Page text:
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Alternative Market Briefing

Other Voices: Should public pension funds reduce their hedge fund allocations?

Tuesday, November 01, 2016

Donald A. Steinbrugge, CFA – Founder and CEO, Agecroft Partners

CalPERS was the first high profile public pension to pull out of hedge funds, and was followed a year and a half later by one of the New York City retirement plans. Recently, the number of public pension funds exiting or reducing their hedge fund exposure has accelerated. We believe this trend will increase over the next 12 months due to growing political pressure on investment staffs of public pension funds from the media, union employees, and politicians. The pressure is being driven by unrelenting negative articles about the industry focused on the recent poor performance of various hedge fund indices and high fees.

This trend comes at a time when the average public pension fund is only approximately 74% funded based on an average actuarial rate of return of 7.5% according to a research report from Wilshire Consulting's Investment Research Group. Many professionals believe that this expected return is unachievable in today’s low interest rate environment. If the actuarial rate of return was lowered to approximately 4.5%, which is what corporate pension funds are required to use, the unfunded liabilities of public pensions would skyrocket.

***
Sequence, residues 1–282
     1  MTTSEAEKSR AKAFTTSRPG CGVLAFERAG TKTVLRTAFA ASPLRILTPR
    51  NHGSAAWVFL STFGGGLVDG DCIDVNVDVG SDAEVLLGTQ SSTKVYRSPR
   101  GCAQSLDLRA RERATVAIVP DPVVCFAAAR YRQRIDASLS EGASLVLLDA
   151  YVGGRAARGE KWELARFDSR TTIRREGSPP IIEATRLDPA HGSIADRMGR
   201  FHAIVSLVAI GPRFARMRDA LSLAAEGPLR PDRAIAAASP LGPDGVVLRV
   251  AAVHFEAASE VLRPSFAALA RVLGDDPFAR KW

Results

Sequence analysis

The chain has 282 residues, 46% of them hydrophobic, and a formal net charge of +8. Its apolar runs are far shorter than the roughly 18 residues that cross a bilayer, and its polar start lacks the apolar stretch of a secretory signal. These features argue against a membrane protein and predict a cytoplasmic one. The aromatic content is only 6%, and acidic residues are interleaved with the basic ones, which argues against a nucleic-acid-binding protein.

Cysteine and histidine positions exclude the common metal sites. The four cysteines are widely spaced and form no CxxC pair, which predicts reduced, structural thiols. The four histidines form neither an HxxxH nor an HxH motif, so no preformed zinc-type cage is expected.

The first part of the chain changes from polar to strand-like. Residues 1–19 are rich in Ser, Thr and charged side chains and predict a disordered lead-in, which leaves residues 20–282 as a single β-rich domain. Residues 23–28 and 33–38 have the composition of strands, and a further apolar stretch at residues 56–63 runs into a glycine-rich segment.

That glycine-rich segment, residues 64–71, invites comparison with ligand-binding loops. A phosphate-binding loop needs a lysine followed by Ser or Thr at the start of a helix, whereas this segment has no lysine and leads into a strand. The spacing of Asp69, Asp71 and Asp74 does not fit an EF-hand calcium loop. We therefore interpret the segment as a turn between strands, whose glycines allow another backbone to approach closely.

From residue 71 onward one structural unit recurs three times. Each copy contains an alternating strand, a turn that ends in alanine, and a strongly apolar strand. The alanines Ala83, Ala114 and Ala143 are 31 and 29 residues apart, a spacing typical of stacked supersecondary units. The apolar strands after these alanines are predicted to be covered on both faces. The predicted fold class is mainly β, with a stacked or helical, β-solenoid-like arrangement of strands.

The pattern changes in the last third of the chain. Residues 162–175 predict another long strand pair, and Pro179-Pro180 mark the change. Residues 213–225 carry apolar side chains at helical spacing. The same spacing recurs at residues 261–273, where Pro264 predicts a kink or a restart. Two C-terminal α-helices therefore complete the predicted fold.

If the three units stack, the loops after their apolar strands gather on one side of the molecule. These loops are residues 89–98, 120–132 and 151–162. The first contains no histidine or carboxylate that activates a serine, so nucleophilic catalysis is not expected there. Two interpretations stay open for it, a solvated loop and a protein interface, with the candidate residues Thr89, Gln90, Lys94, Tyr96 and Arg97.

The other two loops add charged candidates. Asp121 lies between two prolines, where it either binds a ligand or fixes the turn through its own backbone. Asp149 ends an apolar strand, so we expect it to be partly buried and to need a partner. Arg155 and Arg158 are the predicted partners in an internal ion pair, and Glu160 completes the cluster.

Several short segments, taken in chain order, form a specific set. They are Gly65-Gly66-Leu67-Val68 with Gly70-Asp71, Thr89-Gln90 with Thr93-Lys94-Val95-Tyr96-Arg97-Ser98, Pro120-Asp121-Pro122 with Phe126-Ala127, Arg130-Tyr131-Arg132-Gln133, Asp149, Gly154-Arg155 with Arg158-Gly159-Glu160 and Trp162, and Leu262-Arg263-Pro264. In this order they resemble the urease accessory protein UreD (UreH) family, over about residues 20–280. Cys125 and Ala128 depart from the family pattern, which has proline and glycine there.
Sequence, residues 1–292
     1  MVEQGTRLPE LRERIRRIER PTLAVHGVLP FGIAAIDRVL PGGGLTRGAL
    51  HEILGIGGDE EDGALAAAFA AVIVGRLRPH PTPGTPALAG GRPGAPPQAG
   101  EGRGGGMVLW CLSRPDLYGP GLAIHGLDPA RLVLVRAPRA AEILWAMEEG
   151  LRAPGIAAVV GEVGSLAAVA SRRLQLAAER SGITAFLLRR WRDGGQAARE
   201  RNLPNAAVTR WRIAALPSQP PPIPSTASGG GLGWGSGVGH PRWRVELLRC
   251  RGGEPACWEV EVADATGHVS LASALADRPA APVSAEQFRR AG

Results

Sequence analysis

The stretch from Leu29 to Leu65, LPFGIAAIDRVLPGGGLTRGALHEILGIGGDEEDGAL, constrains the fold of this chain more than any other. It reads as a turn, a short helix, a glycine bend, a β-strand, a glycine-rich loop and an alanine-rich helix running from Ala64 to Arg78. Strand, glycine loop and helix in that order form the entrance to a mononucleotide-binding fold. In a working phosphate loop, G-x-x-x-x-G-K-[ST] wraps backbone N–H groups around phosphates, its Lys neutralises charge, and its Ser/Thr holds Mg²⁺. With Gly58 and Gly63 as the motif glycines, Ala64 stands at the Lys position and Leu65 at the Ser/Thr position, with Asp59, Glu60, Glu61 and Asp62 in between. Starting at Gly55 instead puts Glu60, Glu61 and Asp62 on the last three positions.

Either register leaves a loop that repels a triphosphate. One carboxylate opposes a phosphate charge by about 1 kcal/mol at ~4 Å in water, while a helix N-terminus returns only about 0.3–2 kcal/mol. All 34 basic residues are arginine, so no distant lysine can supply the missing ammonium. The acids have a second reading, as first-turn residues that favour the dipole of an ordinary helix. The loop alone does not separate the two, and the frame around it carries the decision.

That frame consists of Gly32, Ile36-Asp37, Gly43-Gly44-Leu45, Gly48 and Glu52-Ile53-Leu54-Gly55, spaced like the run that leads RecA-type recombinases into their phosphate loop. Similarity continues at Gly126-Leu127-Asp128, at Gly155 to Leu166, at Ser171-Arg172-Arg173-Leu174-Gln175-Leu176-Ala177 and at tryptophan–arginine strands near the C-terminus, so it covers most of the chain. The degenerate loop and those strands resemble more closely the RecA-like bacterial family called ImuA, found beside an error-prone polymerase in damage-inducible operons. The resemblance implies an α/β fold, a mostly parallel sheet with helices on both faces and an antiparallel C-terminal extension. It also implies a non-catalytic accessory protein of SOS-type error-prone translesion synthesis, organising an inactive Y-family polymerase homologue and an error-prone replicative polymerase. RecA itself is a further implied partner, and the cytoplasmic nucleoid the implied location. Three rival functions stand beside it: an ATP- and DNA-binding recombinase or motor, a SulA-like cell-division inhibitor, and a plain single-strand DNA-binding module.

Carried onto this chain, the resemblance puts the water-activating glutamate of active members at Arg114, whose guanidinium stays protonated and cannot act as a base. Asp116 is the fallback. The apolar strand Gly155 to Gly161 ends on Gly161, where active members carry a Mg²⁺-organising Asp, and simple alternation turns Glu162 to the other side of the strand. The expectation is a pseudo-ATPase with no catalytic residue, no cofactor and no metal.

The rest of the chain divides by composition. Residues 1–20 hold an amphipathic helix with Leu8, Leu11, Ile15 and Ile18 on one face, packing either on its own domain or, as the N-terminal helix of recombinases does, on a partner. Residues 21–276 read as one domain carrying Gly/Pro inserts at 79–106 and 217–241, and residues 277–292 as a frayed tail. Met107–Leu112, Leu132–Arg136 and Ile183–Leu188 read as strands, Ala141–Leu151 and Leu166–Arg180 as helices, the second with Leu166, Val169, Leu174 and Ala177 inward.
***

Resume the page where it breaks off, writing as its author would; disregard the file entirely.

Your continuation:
Many critics cite the underperformance of hedge fund indices, as compared to equity benchmarks since the 2008 market crash, as the basis for exiting hedge funds in favor of an increased allocation to stocks. This strategy strains limits of portfolio diversi......................

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